Here’s a ridiculously long quote to show you how good the book is

As youth workers, our job is not to create a thriving youth ministry that will ensure the continuation of our congregations; it’s to create followers of Jesus. If the majority of our youth don’t believe or don’t know Jesus is God, then we’re failing at our primary calling as youth workers.

The good news is we don’t have to continue failing. Instead, there are practical ways through which we can help young people understand the difficult reality that Jesus is both simultaneously God and human.

To begin, don’t just talk about God. Instead, talk specifically about Jesus. Now, before you say, “I already do!” consider this. During my visits to various congregations, I asked youth workers: How frequently do you talk about Jesus and not just God in your youth ministry?
Inevitably, youth workers would enthusiastically respond, “All the time.” Then I’d attend their youth ministry program. When I did, do you know what I heard? Generic God-talk, not Jesus-talk. Often this phenomenon wasn’t limited to just youth ministry gatherings; it was also prevalent in the larger communities of faith.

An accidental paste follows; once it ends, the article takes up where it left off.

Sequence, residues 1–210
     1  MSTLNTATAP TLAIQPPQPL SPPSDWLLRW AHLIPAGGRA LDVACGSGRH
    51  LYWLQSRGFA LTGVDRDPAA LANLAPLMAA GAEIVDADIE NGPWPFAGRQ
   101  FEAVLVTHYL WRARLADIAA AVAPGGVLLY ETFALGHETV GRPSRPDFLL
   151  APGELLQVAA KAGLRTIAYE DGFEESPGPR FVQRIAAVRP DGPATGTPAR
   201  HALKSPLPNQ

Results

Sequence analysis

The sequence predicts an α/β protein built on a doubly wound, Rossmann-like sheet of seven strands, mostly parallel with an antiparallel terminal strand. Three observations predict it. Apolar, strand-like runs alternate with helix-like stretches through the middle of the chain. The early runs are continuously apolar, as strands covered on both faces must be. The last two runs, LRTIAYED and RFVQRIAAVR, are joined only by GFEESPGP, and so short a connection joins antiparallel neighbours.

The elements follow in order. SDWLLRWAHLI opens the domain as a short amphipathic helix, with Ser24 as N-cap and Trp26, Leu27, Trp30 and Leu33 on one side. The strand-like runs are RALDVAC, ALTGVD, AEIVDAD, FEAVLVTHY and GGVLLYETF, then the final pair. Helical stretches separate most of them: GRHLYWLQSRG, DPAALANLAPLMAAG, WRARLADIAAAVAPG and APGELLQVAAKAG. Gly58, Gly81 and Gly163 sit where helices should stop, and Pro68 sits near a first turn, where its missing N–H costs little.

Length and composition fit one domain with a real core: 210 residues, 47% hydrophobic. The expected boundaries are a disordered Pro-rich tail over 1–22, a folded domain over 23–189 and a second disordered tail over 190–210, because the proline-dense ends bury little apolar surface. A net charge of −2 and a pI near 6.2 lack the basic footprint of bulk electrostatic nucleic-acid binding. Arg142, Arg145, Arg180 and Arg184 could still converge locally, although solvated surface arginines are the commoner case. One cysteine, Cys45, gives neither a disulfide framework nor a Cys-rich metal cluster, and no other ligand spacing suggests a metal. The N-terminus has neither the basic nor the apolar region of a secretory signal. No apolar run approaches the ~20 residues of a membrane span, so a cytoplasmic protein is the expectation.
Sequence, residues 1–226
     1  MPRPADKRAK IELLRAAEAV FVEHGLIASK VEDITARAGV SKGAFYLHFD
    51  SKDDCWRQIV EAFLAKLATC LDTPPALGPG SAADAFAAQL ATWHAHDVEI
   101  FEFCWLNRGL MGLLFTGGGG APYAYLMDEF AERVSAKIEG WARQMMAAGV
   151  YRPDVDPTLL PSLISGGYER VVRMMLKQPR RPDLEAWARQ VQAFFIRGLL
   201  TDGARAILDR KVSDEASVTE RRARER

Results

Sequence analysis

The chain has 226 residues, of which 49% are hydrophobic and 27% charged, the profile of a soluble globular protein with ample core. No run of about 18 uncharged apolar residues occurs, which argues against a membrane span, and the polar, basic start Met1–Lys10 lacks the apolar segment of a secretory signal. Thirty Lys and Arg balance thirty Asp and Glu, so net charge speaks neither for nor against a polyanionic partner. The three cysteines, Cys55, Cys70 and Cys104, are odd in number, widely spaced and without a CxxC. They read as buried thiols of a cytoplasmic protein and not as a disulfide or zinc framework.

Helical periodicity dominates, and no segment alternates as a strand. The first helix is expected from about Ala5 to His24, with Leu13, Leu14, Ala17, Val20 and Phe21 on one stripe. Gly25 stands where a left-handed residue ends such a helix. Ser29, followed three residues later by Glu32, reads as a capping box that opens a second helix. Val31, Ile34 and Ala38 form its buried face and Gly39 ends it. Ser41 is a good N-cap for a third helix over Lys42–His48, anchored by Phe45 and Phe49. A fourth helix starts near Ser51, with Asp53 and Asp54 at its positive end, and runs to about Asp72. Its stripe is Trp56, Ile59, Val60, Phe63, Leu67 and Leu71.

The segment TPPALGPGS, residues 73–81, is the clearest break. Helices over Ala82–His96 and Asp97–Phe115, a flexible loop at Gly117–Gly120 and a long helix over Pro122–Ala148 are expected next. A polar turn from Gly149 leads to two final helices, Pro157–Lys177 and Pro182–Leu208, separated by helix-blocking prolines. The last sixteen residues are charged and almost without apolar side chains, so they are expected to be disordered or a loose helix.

At one congregation I visited, I attended the church’s Sunday morning worship service. During the service, the senior pastor preached on John 6:25-59, the passage in which Jesus declares himself to be the Bread of Life. While I lost track of how many times this pastor referred to God in his sermon, I can tell you exactly how many times he said the name of Jesus—aside from reading the word Jesus in the passage itself: none. Instead of talking about Jesus, this pastor took a Gospel story that was unequivocally about Jesus and made it about God.
Regrettably, I can’t tell you exactly why this was. What I can tell you is that after observing this phenomenon in multiple congregations, I finally asked a youth worker about